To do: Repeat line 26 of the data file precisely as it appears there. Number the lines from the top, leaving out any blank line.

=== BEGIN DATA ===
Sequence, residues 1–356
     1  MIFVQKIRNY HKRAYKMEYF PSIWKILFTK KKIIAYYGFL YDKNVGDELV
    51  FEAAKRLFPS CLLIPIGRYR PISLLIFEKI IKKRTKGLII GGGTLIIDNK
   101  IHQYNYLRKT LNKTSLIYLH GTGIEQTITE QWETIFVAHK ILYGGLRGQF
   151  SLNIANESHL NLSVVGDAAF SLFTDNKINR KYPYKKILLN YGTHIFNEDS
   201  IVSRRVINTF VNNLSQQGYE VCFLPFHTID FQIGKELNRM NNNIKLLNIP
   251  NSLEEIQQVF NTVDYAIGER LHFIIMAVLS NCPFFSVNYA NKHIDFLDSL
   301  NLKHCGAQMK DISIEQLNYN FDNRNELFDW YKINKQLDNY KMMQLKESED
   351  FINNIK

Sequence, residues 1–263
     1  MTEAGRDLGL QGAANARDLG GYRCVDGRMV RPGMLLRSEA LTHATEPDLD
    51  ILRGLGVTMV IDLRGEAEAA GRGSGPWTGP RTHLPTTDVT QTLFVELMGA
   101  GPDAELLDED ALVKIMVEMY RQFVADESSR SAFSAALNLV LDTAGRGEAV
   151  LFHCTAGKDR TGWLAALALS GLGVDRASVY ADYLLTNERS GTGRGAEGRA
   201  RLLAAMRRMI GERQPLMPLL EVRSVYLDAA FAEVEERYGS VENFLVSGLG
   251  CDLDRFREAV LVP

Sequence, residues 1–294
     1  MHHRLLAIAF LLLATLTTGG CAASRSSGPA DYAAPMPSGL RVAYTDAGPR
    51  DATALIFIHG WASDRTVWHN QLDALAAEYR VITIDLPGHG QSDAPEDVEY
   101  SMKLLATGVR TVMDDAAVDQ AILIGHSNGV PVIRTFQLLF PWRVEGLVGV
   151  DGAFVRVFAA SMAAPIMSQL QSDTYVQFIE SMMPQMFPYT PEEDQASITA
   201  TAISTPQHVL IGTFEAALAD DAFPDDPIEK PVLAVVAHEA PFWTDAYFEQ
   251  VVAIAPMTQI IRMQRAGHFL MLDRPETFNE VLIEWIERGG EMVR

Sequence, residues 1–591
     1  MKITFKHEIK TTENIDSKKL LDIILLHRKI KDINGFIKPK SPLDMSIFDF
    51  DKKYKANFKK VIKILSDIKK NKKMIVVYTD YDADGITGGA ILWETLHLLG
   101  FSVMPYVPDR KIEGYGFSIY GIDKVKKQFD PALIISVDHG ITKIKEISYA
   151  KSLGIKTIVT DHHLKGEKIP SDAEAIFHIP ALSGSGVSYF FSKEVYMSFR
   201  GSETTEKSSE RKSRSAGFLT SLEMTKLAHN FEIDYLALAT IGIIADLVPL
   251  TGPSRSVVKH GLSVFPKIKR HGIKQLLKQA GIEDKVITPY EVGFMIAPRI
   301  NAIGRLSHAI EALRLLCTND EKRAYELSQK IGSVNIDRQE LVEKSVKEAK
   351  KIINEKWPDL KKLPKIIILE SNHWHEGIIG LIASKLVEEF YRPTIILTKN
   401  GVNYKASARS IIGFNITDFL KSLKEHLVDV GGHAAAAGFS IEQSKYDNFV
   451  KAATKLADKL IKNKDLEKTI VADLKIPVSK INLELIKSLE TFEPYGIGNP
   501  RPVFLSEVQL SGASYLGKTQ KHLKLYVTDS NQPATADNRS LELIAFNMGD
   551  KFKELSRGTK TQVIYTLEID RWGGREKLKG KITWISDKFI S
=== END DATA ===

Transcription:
    51  DKKYKANFKK VIKILSDIKK NKKMIVVYTD YDADGITGGA ILWETLHLLG